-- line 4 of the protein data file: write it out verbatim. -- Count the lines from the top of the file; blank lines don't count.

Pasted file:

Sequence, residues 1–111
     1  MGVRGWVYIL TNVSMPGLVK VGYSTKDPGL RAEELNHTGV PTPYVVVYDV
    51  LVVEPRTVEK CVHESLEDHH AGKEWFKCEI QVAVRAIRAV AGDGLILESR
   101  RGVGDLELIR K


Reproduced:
   101  RGVGDLELIR K